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‘Spry’ 93-year-old woman dies in Forest Hills fire |

‘Spry’ 93-year-old woman dies in Forest Hills fire

Michael Hasch
| Thursday, April 17, 2008 12:00 p.m

A 93-year-old woman — described by friends and relatives as spry, mobile and fiercely independent — died Wednesday when flames engulfed the kitchen of her home in Forest Hills.

Rose Lindt died in the fast-moving fire on Lenox Avenue that erupted about 2:20 p.m. somewhere on or around the stove, said Allegheny County Fire Marshal Robert Full.

The cause remains under investigation, but Forest Hills fire Chief Ray Heller said it appears the fire started while Lindt was cooking.

“She was a very, very healthy lady,” said her nephew, John Morenzi, who is Turtle Creek’s fire marshal. He said his aunt often walked the hilly streets to make mile-long round trips to the store.

“She’s been a widow for a good many years. She lived alone. She walked everywhere. She did her own housework, her own cooking,” said Morenzi, adding that Lindt refused repeated requests by her son, Bill, to move into his home in State College.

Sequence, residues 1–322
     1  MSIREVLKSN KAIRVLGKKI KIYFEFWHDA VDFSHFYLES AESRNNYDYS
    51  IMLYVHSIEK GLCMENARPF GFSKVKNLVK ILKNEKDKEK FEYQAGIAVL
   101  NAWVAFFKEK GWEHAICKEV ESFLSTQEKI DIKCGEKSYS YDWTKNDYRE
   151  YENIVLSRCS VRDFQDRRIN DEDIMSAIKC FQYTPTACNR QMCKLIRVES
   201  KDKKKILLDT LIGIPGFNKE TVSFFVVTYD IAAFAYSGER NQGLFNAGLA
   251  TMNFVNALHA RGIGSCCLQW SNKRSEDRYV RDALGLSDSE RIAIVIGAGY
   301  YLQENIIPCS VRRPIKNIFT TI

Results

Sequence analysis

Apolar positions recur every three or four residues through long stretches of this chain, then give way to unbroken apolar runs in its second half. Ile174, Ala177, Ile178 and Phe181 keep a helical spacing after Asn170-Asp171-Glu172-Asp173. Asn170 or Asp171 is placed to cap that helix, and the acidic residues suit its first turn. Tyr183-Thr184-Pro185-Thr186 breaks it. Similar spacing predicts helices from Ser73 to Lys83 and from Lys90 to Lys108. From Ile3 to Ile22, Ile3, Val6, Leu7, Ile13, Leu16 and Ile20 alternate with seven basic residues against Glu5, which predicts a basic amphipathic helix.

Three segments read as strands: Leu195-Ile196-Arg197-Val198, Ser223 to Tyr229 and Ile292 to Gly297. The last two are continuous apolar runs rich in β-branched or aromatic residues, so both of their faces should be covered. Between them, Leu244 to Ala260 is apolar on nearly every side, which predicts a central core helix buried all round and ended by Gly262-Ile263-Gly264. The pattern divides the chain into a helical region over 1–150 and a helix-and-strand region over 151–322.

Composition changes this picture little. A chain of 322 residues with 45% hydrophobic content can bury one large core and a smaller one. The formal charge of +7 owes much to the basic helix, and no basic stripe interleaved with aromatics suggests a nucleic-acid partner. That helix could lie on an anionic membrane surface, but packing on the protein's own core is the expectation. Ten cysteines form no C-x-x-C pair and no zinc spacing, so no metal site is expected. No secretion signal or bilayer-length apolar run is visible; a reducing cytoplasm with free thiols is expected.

Her mobility was one reason firefighters weren’t sure Lindt was trapped inside the home, Heller said.

“We were told she could have been in there. She was known to go out and walk around,” he said.

When the first firefighters arrived, Heller said he saw “four-foot flames shooting out the kitchen windows.”

A Forest Hills volunteer firefighter who lives nearby tried to get inside but was forced back by the intense flames, Heller said.

Search-and-rescue teams didn’t immediately find Lindt.

“We searched the whole house three times,” Heller said. “It wasn’t until we knocked down the fire that we found her buried in the rubble.”

Firefighters from Forest Hills, Wilkins, Churchill and Braddock Hills kept the flames from spreading beyond the kitchen, Heller said.

The outcome was especially hard on Full, who grew up in the neighborhood and was childhood friends with Bill Lindt.

“All I know is that she was a young 93-year-old. She just painted her house,” said Full, who remembers spending time as a boy at the Lindt home.

“I have a lot of fond memories of her. I used to hang out here all the time; we had sleepovers here. She was always very, very nice. She always had a plate of cookies for the kids in the neighborhood.”

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